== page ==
Saturday, March 8, 2014
Those Who Mourn
Because my friend did not grow up around Christians, I have had to consciously abandon my assumptions about what people understand about Christ and His gospel. This has been good for me, since such assumptions are generally wrong anyway. Even more personally, carefully explaining how my belief forms the basis for my life, thought, and principles has been refreshing, insofar as it has also helped me to recognize in a new way how integrally such core principles as love, grace, devotion, purity, loyalty, sacrifice, etc. spring from the seed of simple faith in the Author of my salvation.
At the same time, these conversations have laid bare the deeper loneliness of the Christian's peculiarity. My friend, who is much younger than I, appears to respect my faith and admire my family, while at the same time seeing me as an anachronism: a nice man with some old-fashioned and outdated ideas. While this is an improvement over, say, a perception of cold judgmentalism, it still leaves me sad ... and my friend yet lost.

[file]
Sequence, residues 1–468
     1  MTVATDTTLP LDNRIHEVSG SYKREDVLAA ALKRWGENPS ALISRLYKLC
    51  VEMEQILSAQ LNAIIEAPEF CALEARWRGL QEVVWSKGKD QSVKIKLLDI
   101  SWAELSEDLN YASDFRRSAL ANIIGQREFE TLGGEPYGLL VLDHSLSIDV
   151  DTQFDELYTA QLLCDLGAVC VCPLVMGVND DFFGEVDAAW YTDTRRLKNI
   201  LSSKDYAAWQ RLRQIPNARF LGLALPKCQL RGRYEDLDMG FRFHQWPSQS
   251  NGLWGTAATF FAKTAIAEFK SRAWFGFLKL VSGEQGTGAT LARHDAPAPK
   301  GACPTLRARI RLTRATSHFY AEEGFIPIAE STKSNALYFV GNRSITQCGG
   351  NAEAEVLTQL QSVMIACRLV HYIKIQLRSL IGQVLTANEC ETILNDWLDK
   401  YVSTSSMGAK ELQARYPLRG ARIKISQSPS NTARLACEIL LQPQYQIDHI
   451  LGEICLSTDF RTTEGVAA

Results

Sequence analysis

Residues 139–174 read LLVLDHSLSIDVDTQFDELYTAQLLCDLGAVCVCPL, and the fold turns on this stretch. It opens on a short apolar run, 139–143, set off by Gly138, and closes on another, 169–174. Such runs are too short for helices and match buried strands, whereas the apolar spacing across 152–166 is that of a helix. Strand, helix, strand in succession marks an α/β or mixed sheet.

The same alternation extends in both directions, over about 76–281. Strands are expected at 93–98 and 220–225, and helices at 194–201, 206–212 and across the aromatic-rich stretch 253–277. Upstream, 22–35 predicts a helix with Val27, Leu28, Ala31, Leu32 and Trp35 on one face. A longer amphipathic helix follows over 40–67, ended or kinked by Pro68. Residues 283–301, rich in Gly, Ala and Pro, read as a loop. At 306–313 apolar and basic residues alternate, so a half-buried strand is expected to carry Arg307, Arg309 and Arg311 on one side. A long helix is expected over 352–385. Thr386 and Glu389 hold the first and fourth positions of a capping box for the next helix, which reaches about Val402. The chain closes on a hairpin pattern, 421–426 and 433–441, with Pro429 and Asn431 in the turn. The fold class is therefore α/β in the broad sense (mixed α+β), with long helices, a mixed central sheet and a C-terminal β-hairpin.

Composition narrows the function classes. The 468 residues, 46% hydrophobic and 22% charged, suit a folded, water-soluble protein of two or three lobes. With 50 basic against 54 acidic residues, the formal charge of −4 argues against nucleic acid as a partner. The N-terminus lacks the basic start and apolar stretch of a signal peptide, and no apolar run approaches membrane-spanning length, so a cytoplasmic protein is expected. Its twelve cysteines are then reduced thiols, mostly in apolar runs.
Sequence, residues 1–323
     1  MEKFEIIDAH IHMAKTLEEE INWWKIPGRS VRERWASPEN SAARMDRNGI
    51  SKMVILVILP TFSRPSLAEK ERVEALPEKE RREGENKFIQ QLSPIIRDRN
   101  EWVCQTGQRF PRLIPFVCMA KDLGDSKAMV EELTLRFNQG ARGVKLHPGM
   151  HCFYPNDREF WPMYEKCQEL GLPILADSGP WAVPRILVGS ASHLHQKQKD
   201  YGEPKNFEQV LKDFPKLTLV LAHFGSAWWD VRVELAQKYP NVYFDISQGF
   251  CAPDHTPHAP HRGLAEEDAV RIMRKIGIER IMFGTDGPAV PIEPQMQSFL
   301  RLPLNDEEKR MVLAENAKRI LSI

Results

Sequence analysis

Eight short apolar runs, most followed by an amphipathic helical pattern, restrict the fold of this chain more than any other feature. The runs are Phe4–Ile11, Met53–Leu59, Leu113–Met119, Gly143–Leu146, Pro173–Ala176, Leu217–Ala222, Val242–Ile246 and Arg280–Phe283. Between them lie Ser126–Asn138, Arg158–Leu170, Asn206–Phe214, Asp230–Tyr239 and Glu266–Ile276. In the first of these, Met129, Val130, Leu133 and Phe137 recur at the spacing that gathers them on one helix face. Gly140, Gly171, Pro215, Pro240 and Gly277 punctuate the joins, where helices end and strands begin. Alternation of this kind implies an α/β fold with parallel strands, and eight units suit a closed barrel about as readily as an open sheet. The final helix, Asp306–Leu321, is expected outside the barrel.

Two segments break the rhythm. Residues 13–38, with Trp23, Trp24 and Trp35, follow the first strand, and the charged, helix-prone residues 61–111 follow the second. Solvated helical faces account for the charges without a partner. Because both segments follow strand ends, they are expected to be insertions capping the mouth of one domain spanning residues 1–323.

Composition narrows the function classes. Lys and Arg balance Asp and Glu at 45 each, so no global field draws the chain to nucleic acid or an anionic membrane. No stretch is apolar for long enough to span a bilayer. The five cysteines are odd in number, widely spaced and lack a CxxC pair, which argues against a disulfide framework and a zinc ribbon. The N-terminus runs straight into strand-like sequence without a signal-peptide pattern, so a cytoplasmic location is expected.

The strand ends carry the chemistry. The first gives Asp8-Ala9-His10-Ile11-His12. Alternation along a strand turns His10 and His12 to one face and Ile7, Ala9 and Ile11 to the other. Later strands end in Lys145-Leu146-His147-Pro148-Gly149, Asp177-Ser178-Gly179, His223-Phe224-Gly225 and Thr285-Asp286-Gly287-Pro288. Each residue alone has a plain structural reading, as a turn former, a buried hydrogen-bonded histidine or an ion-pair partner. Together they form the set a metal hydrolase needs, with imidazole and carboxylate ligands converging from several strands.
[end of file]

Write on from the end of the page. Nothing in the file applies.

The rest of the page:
This is a hard form of evangelism, because it requires sincerely caring for someone who may simply never respond to faith with faith. It is so much easier, for example, to go "street witnessing" with friends among people you will likely never see again, and for whom you feel little real compassion. When I share the gospel with someone I honestly care for, I then have to honestly feel the pain of their rejection, or at least their ambivalence.
At the same time, I think I have come to appreciate the value of sorrow in my life, insofar as it reawakens my soul. Ministry is--in essence and with rare exception--loving and giving to those who will not respond in equal measure. The pain of that reality must be felt, lest we become cold and calloused. The pain of gospel ministry ought to drive us further into gospel dependence on our Savior, but it cannot do so if we refuse to experience it.